The headline in the Financial Times said it all: Britain’s over‑50s rethink plans as virus takes toll on retirement.
And while I’m not – for obvious reasons – seeing as much of my usual circle of friends, family, acquaintances, and fellow-villagers, those sentiments certainly do sum up the views of a good number of the people with whom I am in touch.
Covid-19, in short, has called into question many of the assumptions on which many people’s retirement plans were based.
For the foreseeable future, we seem to be heading for an era of higher taxation, lower investing returns, and greater job insecurity.
Which isn’t a great backdrop to an idyllic retirement. Forget strolling hand-in-hand along tropical sun-kissed white sands – the sort of irritating image that always seems to accompany retirement-focused financial products and media coverage. Right now, some people will be worried that Morecombe on a wet November afternoon might be a stretch too far.
But in fact, my view is that things are probably rosier than they imagine.
Spend! Spend! Spend! Not.
Lockdown did something remarkable for Britain’s consumers: it got them to stop consuming. And in particular, to stop funding that consumption through debt.
As I’ve remarked a couple of times in recent months, household balance sheets improved markedly post-lockdown, with bank balances swelling and credit card debt being paid off.
According to UK Finance, the banking trade body, credit card debt balances fell from £69.7bn to £59.8bn by the end of May. Deposits in banks and building societies rose by £37.3 billion in April, following an increase of £67.3 billion in March.
To be sure, some of that was down to people being cautious: these were – and still are – uncertain times. But a lot of it was down to something more fundamental: with shops, hospitality venues, cinemas and sports grounds all shut, there wasn’t nearly as much on which to spend money. And forget blitzing it on exotic holidays: they weren’t on offer, either.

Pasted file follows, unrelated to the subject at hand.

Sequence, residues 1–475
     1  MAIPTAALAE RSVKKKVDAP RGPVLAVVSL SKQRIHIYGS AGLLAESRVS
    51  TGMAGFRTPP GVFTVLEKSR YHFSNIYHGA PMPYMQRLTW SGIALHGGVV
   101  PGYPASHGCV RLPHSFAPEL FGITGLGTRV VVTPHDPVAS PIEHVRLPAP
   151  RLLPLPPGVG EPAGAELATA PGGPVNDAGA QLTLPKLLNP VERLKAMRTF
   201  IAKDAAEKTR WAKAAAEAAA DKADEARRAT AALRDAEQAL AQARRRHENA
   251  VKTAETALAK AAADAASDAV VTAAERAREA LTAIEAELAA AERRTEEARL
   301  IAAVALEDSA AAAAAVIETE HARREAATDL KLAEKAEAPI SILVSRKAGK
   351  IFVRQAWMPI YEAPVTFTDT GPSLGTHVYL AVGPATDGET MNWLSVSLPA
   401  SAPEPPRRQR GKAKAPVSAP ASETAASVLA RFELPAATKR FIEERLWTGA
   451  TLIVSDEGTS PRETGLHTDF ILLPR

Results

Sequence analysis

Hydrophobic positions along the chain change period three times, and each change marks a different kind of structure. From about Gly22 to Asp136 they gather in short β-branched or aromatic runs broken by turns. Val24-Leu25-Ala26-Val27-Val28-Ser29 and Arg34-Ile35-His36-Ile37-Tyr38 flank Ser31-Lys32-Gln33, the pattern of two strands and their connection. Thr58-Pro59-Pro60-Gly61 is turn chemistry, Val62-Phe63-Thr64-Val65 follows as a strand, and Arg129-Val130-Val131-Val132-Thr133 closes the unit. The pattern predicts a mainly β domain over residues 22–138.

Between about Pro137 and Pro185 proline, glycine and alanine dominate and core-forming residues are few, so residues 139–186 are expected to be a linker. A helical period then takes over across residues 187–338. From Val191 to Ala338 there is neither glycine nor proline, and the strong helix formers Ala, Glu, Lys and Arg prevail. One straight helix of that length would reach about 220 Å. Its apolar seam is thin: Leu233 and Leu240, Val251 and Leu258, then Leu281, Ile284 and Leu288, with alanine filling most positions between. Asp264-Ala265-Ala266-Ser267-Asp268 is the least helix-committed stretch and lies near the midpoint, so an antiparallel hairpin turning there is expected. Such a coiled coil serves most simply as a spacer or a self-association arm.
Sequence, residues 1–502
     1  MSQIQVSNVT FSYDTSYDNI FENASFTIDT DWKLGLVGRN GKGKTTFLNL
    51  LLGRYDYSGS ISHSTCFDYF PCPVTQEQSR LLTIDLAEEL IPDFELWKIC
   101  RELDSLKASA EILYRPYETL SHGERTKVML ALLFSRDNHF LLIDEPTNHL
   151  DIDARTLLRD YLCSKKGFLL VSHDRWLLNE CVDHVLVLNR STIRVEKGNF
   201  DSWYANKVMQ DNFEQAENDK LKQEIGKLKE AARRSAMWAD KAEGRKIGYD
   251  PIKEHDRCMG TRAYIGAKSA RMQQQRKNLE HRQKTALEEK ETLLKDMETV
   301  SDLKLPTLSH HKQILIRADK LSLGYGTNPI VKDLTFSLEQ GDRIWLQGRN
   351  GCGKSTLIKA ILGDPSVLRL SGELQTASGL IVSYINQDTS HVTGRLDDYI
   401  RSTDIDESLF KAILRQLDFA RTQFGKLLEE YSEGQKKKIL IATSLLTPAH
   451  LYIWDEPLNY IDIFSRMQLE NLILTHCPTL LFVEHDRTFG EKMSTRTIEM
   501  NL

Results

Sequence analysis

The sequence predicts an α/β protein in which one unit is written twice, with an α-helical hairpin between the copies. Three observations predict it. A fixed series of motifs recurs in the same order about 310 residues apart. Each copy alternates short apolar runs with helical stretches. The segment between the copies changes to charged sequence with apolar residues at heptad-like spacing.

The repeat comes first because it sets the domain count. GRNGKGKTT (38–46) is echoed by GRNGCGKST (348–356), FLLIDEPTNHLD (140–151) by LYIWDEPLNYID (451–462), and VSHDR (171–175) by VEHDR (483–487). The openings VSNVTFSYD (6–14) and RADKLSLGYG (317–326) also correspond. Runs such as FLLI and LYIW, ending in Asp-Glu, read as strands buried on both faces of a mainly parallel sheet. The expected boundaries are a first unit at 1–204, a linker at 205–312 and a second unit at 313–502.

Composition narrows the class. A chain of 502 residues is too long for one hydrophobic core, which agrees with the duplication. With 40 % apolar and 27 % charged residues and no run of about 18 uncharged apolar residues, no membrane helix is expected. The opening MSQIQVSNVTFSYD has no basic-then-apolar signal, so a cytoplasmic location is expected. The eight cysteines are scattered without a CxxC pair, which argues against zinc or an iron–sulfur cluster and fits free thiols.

Simply put, Britain was saving. At the end of the second quarter, the official Bank of England household savings ratio – the proportion of earnings saved rather than spent – hit a remarkable (and record) 29%, according to figures recently released. As a guide, it’s normally around five percent.
Several things stem from this.
First, Britain is re-learning (if sometimes reluctantly) the virtues of thrift. The FIRE (Financial Independence, Retire Early) crowd would be proud of us: what they’ve been preaching for years has suddenly become a lifestyle du monde.
Put another way, we’re seeing how much we really need to live on. And it’s likely to be a lot less than many people imagined.
Put another way still, those in work are seeing just how much it is possible to save. Even those who have prioritised paying off debts are going to run out of debts to pay off at some point: enforced saving will follow.
Granted, that too won’t last forever – although it will likely last for as long as pubs, restaurants, shops and cinemas continue to feel unsafe. And by then, the consumption compulsion could be seriously weakened.
And put yet another way still, consumption-mad Britain is going to look rather like Japan, where stoically high savings ratios have for years been the post-war norm. (Hence this article’s title, by the way, for anyone who isn’t a fan of The Vapors’ 1980 hit.)
What are we all going to do with these savings? Stick them in savings accounts earning less in interest than the current rate of inflation?
Some people – perhaps many people – will do this, I’m sure.
But a smarter option is to invest those savings in the stock market – particularly now, when share prices, as I’ve observed several times in recent months, are significantly depressed.
How soon the FTSE 100 will get back to a level of 7,500 or so is anyone’s guess – but as I write these words, it’s still below 5,900.
What difference could that make to the prospects of a comfortable retirement? Well, for a 50-year-old starting now and retiring at 67, saving an extra £400 a month over that period, and assuming a relatively undemanding return of 7% a year including dividends, that puts an extra £141,729 in the retirement pot. Save a bit more, get a better return… and the pot will be even bigger.
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